Dr. Money did not prove his theory of gender neutrality because “Brenda” grew up feeling like a boy regardless of the fact that she was raised as a girl. Initially, judging from one of the first interviews between Dr. Money and the children, she was adjusting to her role. However, as she grew up, she lived in a constant battle with herself because she simply did not feel like she fit the role that was given to her. Regardless of the fact that she was castrated and there were no more male hormones produced, Brenda always had a masculine inclination. Her overall attitude was that of a man’s.
Brenda was very quick to adjust and embrace her role as a male when she found out the truth. I think that is the greatest proof to disprove his theory of gender neutrality. Assuming that a man/woman could efficiently have been nurtured as the opposite sex, there should have been more reluctance to believe and adjust to their true identity. I think Dr. Money made severe ethical violations with both children, especially with Brenda. From the interviews and her recounts, it seems that he constantly tried to steer her to answer questions and behave how he wanted her to behave.
He essentially wanted to rig the outcome of this experiment. His publication of the experiment itself without further observation seems to further prove his unrelenting belief of his theory of gender neutrality. His publication was released when Brenda was only 7 years old and there is proof that even he noticed contradictions to his theory. Yet, he decided to publish a false publication in which he assured the validity of his theory. No one truly knows whether he took those alleged pictures of the twins but if he did that certainly would have been an ethical violation.
It’s also troubling that the parents were nowhere near and absolutely uninvolved during the process of these interviews. I can see how their presence could have altered the answers of the children during interviews but surely there could have been a way for them to oversee the process of their experiments. And surely, Dr. Money is not the only one at fault for that because the parents should have asked to be more involved. The National Commission for the Protection of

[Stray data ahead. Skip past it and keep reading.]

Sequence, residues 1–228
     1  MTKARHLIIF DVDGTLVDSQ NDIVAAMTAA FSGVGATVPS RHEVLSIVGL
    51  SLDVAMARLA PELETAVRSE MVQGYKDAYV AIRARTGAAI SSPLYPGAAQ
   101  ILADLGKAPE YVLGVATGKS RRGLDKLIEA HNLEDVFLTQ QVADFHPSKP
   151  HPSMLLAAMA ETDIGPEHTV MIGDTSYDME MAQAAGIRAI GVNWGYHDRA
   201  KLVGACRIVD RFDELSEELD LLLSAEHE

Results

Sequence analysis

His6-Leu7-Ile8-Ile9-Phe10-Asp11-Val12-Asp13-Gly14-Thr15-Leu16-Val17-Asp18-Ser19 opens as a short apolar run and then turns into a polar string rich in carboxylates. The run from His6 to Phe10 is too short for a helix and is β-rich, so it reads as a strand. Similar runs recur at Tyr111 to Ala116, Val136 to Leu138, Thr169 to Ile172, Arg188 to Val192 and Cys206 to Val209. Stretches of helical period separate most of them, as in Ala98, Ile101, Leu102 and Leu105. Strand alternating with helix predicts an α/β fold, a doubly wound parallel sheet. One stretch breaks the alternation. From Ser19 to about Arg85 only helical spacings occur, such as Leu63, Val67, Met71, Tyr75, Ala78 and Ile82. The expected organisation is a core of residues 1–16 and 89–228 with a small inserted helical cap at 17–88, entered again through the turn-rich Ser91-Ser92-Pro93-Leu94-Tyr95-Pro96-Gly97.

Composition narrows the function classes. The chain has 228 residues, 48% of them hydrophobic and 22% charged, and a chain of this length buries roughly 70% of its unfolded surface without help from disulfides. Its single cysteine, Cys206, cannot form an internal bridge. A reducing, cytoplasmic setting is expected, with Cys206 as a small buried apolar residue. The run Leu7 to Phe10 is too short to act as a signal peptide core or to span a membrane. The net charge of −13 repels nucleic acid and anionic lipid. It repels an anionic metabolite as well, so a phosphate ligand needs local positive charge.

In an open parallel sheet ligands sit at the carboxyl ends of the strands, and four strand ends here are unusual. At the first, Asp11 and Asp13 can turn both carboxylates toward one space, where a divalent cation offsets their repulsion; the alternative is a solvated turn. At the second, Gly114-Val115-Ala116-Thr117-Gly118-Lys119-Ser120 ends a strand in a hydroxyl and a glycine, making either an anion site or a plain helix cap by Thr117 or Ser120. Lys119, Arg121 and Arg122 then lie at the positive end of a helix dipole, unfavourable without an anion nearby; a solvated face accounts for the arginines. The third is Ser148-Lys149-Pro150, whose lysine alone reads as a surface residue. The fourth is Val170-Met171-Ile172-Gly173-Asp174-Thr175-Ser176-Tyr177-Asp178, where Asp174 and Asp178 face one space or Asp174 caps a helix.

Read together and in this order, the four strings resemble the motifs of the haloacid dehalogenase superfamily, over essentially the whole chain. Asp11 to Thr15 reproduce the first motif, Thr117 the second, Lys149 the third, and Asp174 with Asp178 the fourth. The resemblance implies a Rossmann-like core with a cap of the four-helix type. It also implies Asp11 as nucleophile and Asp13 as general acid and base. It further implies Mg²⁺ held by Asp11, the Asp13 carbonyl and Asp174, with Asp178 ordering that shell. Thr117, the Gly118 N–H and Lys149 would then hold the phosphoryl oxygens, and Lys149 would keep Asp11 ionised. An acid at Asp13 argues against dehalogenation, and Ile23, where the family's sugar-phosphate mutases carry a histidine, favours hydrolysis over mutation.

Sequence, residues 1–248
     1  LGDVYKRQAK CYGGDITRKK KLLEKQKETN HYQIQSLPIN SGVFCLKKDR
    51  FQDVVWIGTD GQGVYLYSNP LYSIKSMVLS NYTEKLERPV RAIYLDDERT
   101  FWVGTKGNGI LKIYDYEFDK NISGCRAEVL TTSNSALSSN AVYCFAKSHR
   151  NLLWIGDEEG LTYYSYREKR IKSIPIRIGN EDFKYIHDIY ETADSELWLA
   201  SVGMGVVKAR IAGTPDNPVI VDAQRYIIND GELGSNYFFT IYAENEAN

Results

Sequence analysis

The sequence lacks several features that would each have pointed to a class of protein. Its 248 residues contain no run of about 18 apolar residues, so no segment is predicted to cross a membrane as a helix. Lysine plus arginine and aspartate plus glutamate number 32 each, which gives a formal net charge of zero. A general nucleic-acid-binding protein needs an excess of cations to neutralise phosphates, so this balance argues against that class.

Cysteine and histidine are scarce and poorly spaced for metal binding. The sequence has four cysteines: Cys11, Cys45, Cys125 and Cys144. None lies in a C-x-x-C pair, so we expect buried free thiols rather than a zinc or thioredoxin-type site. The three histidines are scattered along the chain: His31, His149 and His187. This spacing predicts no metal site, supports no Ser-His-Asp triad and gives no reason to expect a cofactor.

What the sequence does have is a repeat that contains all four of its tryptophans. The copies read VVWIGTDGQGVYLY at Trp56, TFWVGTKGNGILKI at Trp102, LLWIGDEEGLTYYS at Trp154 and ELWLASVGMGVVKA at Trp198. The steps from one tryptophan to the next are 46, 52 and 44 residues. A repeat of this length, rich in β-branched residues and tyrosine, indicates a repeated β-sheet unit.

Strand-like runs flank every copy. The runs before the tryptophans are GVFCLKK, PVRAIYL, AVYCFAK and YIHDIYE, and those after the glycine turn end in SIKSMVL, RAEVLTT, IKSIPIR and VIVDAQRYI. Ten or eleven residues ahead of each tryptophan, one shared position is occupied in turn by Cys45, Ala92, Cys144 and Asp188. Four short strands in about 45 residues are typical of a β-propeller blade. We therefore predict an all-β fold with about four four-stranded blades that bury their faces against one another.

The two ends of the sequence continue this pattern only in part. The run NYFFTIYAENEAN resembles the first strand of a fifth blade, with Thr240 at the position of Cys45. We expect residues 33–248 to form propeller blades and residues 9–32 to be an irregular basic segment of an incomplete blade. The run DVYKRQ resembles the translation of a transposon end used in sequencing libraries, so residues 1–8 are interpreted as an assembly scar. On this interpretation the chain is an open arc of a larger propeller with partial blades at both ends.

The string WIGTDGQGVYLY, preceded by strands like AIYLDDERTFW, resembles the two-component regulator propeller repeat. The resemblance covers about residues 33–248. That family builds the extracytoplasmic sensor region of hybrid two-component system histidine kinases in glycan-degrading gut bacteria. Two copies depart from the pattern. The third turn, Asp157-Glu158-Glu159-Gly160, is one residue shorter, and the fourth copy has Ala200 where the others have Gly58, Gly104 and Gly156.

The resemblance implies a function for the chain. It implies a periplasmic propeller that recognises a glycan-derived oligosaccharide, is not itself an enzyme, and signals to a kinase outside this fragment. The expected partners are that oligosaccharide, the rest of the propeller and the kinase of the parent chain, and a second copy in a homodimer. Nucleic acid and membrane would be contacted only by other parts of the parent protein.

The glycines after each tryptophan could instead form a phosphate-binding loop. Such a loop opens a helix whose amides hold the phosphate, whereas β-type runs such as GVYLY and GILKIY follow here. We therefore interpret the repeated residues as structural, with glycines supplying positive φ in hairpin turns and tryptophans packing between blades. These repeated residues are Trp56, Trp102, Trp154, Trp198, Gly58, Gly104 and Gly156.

Human Subjects of Biomedical and Behavioral Research did not release the Belmont Report outlining the ethical conduct for psychologists until 1979; even though the National Research Act was made legal in 1974. In 1979, Brenda was 14, which was around the time when she stopped seeing Dr. Money. I do not think Dr. Money’s behavior was justified but his behavior was also not legally unethical yet during the time when the experiment took place. The experiment itself is utterly fascinating. It’s sad that it was carried out in such an unethical manner and that the subjects were so deeply harmed to the point of a tragic outcome.
I honestly did not judge the parents too harshly because even though I think it is wrong that they were uninvolved for the most part, I truly believe they had the best in mind for their children. Seeing the transgender woman really sparked a hope in their heart that their child could grow up and lead a happy, fulfilling life. It’s hard to imagine what my choice would have been because it is hard to ignore the knowledge of the outcome; hindsight bias at its’ finest. I would like to think I would have raised my child as a boy and that I would have had hope that the advancements in the medical field would aid his situation when he grew up.